If you own a business, you may wonder if you’re eligible to take the qualified business income deduction (QBI deduction). Sometimes this is referred to as the pass-through deduction or the Section 199A deduction.
About the QBI Deduction
The QBI deduction:
- Is available to owners of sole proprietorships, single member limited liability companies (LLCs), partnerships, and S corporations, as well as trusts and estates.
- Is intended to reduce the tax rate on QBI to a rate that’s closer to the corporate tax rate.
- Is taken “below the line.” In other words, it reduces your taxable income but not your adjusted gross income.
- Is available regardless of whether you itemize deductions or take the standard deduction.
Taxpayers other than corporations may be entitled to a deduction of up to 20% of their QBI. For 2022, if taxable income exceeds $170,050 for single taxpayers, or $340,100 for a married couple filing jointly, the QBI deduction may be limited based on different scenarios. For 2023, these amounts are $182,100 and $364,200, respectively.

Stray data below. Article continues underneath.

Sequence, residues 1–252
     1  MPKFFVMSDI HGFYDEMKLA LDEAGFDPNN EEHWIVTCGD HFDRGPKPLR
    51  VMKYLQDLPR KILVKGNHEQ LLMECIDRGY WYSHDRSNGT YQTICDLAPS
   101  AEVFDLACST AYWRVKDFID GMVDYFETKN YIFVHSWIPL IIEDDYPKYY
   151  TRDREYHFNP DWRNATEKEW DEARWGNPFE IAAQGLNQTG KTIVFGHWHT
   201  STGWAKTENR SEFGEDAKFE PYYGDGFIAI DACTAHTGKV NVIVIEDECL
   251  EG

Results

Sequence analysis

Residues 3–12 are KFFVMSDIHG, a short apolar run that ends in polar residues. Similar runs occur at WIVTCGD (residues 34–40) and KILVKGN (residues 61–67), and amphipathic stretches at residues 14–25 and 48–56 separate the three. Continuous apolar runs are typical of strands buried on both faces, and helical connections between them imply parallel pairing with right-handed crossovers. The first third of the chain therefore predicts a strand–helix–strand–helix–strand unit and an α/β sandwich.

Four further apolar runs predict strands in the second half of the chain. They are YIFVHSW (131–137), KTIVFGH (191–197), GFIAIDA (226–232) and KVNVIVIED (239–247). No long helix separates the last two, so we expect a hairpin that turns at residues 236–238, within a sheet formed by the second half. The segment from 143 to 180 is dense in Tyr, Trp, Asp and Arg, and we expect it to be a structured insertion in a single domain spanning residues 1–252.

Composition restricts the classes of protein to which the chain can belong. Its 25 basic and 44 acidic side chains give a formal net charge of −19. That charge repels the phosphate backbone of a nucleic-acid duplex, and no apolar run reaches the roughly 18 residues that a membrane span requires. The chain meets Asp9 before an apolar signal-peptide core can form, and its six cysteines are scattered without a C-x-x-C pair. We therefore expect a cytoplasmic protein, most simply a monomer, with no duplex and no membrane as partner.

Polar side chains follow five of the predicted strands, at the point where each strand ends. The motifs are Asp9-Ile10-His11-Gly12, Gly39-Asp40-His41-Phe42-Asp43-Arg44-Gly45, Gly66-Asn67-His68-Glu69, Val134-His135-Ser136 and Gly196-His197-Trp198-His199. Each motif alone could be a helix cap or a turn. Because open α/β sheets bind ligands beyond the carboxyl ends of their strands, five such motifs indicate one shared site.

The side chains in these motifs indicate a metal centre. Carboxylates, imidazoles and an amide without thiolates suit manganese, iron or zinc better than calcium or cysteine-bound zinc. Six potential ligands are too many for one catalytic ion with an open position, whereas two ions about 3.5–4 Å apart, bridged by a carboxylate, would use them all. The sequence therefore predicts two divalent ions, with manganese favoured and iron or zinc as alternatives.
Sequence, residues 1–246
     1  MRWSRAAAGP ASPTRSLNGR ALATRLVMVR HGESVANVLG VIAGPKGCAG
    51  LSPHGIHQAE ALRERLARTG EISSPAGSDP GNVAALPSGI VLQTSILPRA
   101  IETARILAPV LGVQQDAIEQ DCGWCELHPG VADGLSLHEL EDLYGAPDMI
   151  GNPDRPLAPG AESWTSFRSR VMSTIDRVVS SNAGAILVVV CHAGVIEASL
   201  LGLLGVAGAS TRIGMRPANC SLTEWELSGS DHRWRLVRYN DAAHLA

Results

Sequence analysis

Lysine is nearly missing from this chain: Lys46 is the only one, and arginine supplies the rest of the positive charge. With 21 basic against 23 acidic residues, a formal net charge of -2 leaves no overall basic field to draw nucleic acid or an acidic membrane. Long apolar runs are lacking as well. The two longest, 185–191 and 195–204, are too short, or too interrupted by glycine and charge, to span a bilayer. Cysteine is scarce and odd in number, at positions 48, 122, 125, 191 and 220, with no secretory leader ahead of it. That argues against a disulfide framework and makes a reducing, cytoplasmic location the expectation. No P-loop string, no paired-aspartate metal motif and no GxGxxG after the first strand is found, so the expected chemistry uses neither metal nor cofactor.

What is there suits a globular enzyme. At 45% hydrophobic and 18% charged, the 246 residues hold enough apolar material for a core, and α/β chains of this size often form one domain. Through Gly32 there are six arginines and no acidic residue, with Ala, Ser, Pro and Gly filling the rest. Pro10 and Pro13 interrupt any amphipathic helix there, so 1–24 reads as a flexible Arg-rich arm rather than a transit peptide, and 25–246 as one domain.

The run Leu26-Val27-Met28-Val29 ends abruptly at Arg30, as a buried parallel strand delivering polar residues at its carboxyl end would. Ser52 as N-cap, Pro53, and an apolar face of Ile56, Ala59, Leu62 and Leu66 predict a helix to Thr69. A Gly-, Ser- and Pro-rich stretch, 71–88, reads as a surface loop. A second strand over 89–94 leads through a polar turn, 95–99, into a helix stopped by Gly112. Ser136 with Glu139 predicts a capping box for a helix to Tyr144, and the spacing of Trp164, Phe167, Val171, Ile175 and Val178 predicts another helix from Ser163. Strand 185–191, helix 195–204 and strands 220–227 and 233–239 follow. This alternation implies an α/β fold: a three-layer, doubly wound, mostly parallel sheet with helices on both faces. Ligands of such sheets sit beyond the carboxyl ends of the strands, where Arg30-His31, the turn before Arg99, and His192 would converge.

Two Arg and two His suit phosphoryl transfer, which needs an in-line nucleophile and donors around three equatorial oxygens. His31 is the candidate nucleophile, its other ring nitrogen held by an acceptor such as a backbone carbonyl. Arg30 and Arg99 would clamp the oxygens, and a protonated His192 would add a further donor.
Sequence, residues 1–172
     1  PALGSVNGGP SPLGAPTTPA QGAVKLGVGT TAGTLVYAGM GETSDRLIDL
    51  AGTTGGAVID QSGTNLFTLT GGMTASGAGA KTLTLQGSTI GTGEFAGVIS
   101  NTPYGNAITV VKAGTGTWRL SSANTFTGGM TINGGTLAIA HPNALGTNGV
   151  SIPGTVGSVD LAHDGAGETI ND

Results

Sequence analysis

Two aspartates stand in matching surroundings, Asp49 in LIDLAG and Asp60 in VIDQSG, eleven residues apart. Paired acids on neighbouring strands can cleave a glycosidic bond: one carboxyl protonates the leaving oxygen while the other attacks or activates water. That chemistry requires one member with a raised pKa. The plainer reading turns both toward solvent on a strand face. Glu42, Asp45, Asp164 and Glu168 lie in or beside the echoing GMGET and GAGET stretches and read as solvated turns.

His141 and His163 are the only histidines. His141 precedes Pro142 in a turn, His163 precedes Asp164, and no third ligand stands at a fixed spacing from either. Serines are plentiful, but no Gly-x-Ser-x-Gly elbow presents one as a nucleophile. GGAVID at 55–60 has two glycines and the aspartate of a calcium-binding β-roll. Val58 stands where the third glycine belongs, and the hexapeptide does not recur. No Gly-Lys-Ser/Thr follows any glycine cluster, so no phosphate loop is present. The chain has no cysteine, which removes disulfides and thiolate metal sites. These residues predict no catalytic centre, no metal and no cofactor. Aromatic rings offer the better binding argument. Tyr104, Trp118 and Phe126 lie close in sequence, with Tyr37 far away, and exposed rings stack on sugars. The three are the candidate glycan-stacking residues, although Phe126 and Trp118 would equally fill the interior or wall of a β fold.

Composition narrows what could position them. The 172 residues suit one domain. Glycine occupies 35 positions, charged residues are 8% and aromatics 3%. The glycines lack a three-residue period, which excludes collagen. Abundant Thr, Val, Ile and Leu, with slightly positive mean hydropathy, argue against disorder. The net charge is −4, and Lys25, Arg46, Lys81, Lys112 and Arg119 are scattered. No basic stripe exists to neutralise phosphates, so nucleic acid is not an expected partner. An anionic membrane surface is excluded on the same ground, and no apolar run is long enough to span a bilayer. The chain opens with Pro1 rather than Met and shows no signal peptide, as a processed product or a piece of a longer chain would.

The situations in which the QBI deduction may be limited include whether the taxpayer is engaged in a service-type of trade or business (such as law, accounting, health or consulting), the amount of W-2 wages paid by the trade or business, and/or the unadjusted basis of qualified property (such as machinery and equipment) held by the trade or business. The limitations are phased in.
Year-end planning tip
Some taxpayers may be able to achieve significant savings with respect to this deduction (or be subject to a smaller phaseout of the deduction), by deferring income or accelerating deductions at year-end so that they come under the dollar thresholds for 2022. Depending on your business model, you also may be able to increase the deduction by increasing W-2 wages before year-end. The rules are quite complex, so contact us with questions and consult with us before taking the next steps.
© 2020. Updated December 2022